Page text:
Feb 13

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Some of you have heard, “Que sera, sera,” but do you know what the words mean? Well, the words go back a few years, in fact, they go back to when we older folks were young folks. They are the opening words of a song, sung by Doris Day in 1956, written by the team of Jay Livingston and Ray Evans. The song was introduced in the Alfred Hitchcock movie, “The Man Who Knew Too Much,” starring Doris Day and James Stewart. This information does not, of course, tell us what the words mean. Well, they mean, “Whatever will be, will be,” and the song goes on with the words, “The future’s not ours to see, Que sera, sera, What will be, will be.”
So why are we writing about this? The words express an idea which is often heard today. They express a philosophy (The most basic beliefs, concepts, and attitudes by which a person lives.) which is much embraced today. It is called, “fate,” and means: “the development of events beyond a person’s control, regarded as determined by a supernatural power; to predetermine, as by decree of fate.” In other words, “what will be, will be!” It carries with it the idea that there is nothing you can do that will change the future; it will be! In one respect, it is a deadend way of looking at life! It relieves one of all responsibility; it removes cause and effect from one’s life. One is free to do whatever, it will not change the future, it will not change the result; as “whatever will be, will be!”
A little history might be useful in this study. Just where and when did this idea first appear? John Russell, 1st Earl of Bedford, first adopted the “Italian” form of the words as a family motto in 1525. This was done after his experience at the Battle of Pavia. On the other hand, the “Spanish” form of the words appeared on a brass plaque in the Church of St. Nicholas, dated 1559. Just as note of interest, no history in Spain or France on these words, and in fact, is ungrammatical in these Romance languages. So, how do the words get from this background, to Doris Day? Livingston and Evans had some knowledge of Spanish, and early in their career they worked together as musicians on cruise ships to the Caribbean and South America. Composer Jay Livingston had seen the 1954 Hollywood film The Barefoot Contessa, in which a fictional Italian family has the motto “Che sarà sarà” carved in stone at their ancestral mansion. He immediately wrote it down as a possible song title, and he and lyricist Ray Evans later gave it a Spanish spelling “because there are so many Spanish-speaking people in the world.” (From Wikipedia, the free encyclopedia).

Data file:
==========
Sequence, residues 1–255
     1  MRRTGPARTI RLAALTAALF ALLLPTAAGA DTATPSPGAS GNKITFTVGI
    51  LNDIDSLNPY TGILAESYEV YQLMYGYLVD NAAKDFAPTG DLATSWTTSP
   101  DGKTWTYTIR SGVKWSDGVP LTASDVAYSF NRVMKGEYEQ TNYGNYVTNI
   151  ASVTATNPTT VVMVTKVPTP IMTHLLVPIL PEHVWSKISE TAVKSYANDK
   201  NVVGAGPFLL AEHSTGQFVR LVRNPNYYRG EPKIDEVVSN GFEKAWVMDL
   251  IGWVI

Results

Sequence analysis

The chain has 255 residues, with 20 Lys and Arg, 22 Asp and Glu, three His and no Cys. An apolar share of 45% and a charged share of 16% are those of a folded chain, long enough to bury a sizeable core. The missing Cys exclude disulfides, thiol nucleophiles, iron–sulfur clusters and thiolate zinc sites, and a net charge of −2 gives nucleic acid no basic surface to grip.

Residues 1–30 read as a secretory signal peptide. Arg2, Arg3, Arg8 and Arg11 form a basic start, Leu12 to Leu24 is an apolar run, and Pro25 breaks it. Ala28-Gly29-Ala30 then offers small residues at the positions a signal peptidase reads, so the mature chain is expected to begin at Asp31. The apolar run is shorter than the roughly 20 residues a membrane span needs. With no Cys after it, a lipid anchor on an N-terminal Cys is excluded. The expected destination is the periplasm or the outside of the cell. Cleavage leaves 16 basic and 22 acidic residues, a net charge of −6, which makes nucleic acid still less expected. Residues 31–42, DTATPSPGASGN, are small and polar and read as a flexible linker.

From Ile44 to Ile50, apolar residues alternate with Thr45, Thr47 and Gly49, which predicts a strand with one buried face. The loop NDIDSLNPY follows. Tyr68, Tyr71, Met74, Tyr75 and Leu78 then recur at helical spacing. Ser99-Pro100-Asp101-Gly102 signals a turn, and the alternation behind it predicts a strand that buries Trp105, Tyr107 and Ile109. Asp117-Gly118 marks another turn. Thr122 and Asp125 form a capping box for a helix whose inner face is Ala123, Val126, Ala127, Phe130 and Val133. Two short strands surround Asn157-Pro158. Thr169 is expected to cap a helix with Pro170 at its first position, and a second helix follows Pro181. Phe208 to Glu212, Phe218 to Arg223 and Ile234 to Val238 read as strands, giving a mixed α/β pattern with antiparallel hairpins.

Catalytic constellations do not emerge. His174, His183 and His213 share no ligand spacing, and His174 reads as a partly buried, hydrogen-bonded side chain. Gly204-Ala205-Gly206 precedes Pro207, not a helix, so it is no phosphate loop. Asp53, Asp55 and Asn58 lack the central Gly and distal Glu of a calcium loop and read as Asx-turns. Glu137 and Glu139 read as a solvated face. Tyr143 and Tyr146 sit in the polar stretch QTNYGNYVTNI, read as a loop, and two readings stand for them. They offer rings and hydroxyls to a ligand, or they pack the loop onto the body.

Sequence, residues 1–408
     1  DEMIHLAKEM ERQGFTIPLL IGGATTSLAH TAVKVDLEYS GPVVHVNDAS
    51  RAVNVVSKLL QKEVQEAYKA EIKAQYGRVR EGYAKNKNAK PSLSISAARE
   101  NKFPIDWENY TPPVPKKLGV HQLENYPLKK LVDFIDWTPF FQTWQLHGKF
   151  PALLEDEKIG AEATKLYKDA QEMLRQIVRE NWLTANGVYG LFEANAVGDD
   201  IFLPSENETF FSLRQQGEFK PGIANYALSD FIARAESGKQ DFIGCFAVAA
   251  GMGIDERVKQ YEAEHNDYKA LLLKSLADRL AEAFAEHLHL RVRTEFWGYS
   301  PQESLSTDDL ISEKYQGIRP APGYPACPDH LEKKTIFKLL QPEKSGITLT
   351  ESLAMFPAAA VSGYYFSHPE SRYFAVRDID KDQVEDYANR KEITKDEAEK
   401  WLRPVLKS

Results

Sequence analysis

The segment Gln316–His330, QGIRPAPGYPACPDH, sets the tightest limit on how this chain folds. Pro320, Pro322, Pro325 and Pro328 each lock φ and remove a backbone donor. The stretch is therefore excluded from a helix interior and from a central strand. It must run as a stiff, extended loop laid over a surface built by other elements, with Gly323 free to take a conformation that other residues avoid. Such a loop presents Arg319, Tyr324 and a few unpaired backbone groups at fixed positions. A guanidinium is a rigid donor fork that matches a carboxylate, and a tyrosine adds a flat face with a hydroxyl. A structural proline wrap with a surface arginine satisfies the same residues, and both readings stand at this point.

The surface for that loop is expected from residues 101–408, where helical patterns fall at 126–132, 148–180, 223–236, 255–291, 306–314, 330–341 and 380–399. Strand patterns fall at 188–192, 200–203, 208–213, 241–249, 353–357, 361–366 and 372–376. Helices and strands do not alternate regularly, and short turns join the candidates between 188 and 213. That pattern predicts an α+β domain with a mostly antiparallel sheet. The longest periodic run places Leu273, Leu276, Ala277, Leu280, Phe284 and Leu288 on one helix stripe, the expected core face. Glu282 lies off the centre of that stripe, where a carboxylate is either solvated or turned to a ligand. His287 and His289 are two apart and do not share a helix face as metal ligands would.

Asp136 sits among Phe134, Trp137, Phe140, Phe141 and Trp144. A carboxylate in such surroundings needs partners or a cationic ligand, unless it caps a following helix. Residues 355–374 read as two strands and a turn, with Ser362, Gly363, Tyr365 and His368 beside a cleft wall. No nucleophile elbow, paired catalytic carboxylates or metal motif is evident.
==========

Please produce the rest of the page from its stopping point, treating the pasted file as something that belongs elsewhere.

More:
This way of thinking, which becomes a way of living, is somewhat, if not all together hopeless! It removes all reason to hope; hope meaning, expectation of good. If your life is going bad, “whatever will be, will be;” and you cannot change it, where is hope! You might just think, “Life is not worth living!” It is interesting to learn, that in America, in 2013, 41,149 suicides were reported, making suicide the 10th leading cause of death in America. The number one reason for suicide is hopelessness! It is expressed in the word: depression! If there is nothing you can do to change the future of your life, as in “whatever will be, will be,” depression just may result!
However, this is not the teaching of Christ! This teaching, first teaches forgiveness through obeying the gospel of Christ: believing, repenting, confessing, and being baptized unto the forgiveness of sins! Second, it teaches newness of life: “therefore we are buried with him by baptism into death: that like as Christ was raised up from the dead by the glory of the Father, even so we also should walk in newness of life” (Rom. 6:4). This all started in God’s love; therefore, the gospel teaches that God loves us, this love is so great that he gave his “only begotten Son” to die on the cross that we might have life, and have it more abundantly (John 3:16, & 10:10).
My friends, the teaching of Christ does not teach “fate,” but it does teach that you can change your life; you can change it now and eternally.

— Frank R. Williams

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